In the Herald - Light and the land

Date Published 
Wed 24 Nov 2021

This week we are having a look at the results of the Irvine Camera Club Landscape competition which was judged for us by Rob Davis of Ayr Photographic Society.

Rob was treated to a good submission of photographs from our membership demonstrating a wide variety of locations and styles for him to consider.  This week I am presenting you with the images that Rob enjoyed the most from the competition.

For the purposes of this competition our definition of landscape encompassed everything from seascapes to urban cityscapes with just about everything and anything in between.

Rob discussed the importance of using light and composition to present landscapes as three-dimensional places.  Somewhere that the viewer can imagine themselves being and giving the sense that they could walk into the shot.

Rob was unable to split four of our images which awarded each with a joint 3rd Place.

Fiona Walace’s moody “Glencoe in Autumn” was praised by Rob for the atmosphere generated by the misty mountain tops and the subtle but interesting foreground showing a decayed old bridge leading us into the scene.

My “South Stack” was taken in Anglesey in North Wales  and although Rob commented on it being a little too green, he appreciated the drama in the image of the lighthouse on a precarious and windswept headland.

Sandra Parker’s “Misty in Mull” demonstrates an ethereal landscape with mist encompassing the forest and shafts of light separating the trees which draws us into the image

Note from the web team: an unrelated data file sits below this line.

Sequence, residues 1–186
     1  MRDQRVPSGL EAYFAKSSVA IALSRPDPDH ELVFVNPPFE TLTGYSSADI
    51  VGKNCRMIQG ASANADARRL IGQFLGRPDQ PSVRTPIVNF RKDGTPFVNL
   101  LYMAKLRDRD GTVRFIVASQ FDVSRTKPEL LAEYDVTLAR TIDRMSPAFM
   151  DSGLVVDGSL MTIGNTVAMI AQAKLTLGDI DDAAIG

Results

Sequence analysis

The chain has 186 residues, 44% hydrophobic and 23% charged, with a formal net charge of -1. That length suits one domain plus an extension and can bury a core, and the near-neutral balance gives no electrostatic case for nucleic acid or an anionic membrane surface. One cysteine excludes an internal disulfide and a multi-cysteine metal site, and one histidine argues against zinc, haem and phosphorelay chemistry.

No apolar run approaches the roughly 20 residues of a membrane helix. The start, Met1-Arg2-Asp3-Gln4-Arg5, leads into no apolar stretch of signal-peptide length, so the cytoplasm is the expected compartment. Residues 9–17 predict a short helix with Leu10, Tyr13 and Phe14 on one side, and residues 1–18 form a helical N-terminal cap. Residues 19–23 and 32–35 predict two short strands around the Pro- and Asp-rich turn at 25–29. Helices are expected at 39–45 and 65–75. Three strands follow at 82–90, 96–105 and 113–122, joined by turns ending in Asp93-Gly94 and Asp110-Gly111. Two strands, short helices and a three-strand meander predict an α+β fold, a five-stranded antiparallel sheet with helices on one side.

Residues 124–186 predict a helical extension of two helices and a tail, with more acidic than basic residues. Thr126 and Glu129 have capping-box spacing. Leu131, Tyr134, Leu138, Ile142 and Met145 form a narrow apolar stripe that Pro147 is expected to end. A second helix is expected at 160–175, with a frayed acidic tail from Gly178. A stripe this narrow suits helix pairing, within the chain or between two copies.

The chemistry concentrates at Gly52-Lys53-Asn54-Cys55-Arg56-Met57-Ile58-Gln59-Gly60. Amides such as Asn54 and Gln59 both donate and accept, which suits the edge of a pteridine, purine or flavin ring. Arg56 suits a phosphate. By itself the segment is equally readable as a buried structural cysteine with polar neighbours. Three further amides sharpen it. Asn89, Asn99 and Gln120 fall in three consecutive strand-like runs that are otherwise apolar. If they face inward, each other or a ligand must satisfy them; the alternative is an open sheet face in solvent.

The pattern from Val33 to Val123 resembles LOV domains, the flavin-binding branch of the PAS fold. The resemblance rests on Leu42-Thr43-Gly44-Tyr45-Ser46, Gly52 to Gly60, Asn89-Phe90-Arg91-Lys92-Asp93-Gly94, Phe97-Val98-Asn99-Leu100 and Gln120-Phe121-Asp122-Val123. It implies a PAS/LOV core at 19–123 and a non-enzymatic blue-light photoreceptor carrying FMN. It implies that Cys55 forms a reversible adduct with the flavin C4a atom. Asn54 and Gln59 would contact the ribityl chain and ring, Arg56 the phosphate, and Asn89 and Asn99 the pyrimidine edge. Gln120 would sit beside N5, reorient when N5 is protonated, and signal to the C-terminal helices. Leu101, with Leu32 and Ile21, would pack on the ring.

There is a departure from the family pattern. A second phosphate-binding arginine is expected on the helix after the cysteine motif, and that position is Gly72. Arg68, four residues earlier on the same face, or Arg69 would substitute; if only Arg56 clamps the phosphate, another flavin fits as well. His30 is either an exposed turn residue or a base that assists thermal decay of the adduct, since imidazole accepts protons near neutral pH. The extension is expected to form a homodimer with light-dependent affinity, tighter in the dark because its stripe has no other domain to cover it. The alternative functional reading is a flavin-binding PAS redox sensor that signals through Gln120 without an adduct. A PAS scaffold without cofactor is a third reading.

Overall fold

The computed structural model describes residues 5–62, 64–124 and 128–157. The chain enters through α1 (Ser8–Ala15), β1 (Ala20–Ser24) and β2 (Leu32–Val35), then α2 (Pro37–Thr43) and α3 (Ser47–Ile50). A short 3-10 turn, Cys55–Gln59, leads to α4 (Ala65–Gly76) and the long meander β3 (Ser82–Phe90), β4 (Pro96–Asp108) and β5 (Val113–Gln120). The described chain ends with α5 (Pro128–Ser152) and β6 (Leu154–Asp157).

Our final joint 3rd place image was “Silent Seas” by Tracy Ross.  Rob praised the careful and considered composition with obvious attention paid specifically to the rock pool in the foreground.

Once again, when it came to 2nd place, Rob was unable to split two images.  My turbulent seascape image “My boat will come in” was only let down by the ship being too central in the image with Rob saying he would have preferred it to be positioned to the left where the lines of foreground rocks converged. 

Also in joint 2nd Place was Fiona Wallace’s peaceful and calming view of Loch Venachar in the mist, which takes on an almost abstract and surreal appearance.  It was admired by Rob for the subtle variations in tone and atmosphere portrayed.

That only left us with the winning image to be declared and, with a warm round of applause from the audience, Jim Mason’s stunning, stormy Skye panorama, “Quiraing Walk”, took the top spot and the Irvine Plate award.  Rob had spoken about the importance of light in landscapes all evening, and he said that Jim’s image was a great example of how light can transform an already dramatic landscape. 

I hope you enjoy looking at this small selection of images from the competition, and in particular, the top scoring photographs.  Until next week, keep taking photos and enjoy the light!